CBDCs would essentially function as an electronic version of physical money, with each being worth the same as the other.The Bank of England is said to be considering whether or not to introduce CBDC, while other central banks have already implemented them. As far back as 2014, China was working towards a release of a digital renminbi, but it has not yet been launched. The Atlantic Council has an absolutely fascinating CBDC tracker which shows a map of the world and provides a status update on which countries have launched a CBDC, are running a pilot, researching and developing them, or have cancelled the project.

As it stands, nine countries have officially launched a CBDC: The Bahamas, Nigeria, Antigua and Barbuda, Saint Kitts and Nevis, Montserrat, Dominica, Saint Lucia, Saint Vincent and the Grenadines (brilliant band), and Grenada. In the future, we can expect many more nations to follow suit, although there is still some work to be done on understanding exactly how introducing a CBDC will affect a given country’s economy. Ultimately, a CBDC will promote financial inclusion, although transactions will not necessarily be anonymous like they are with some cryptocurrencies.


Crypto has come an awfully long way since 2009. What started as a theoretical idea has become a practical reality. Many of my friends own various forms of crypto (including meme coins which I simply cannot get into if I want to get this blog published this century), and none of them have the faintest idea what they are doing.

There is no doubt that digital currency is an effective means of performing transactions, but it would be remiss to ignore that it is also a new form of gambling. Those aforementioned friends invest their hard-earned cash with an idea that they might one day become multimillionaires – and let’s be clear – for every story of someone hitting the bigtime by purchasing a few thousand bitcoins years ago, there are many others who have lost their life savings by becoming embroiled in high-risk trading without having a clue.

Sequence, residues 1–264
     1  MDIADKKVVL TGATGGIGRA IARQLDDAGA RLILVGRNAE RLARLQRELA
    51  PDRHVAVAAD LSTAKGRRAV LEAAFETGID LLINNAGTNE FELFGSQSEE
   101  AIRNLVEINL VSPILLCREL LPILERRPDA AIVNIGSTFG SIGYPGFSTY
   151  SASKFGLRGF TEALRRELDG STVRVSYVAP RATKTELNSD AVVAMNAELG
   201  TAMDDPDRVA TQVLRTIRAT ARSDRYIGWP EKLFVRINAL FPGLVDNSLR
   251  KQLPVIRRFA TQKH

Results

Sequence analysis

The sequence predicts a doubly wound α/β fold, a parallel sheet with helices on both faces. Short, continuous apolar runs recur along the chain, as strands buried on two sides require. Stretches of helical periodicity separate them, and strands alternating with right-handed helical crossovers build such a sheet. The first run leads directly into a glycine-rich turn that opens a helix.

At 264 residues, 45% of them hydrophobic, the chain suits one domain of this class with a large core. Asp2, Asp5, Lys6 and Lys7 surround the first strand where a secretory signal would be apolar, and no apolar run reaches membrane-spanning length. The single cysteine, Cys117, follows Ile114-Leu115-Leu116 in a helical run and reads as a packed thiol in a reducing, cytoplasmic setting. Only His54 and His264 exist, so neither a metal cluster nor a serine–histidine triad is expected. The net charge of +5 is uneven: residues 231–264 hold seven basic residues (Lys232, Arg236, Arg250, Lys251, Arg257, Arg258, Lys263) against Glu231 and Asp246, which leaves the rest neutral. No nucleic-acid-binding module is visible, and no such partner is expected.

Of course, there is a feeling of not wanting to get left behind. There was a time when people believed the internet would never take off and the world is ‘advancing’ at such a rapidly increasing rate that people are getting older and older at a younger and younger age. I feel totally out of touch now and I was a fresh-faced youth when I started writing this!

The point is that one day soon the key financial players in the world will ‘get with the programme’ and find a means of working with crypto in a way that is conducive to their operations. When they do, crypto will move from the fringes towards somewhere nearer the centre. It is not absurd to believe that digital currencies will one day become an essential part of our lives and that future generations will look at fiat as a stupid idea.

I just wish I had had the foresight to purchase 100 bitcoins in 2009. Then I would be sunning myself on a beach somewhere instead of having to write The History of Cryptocurrency.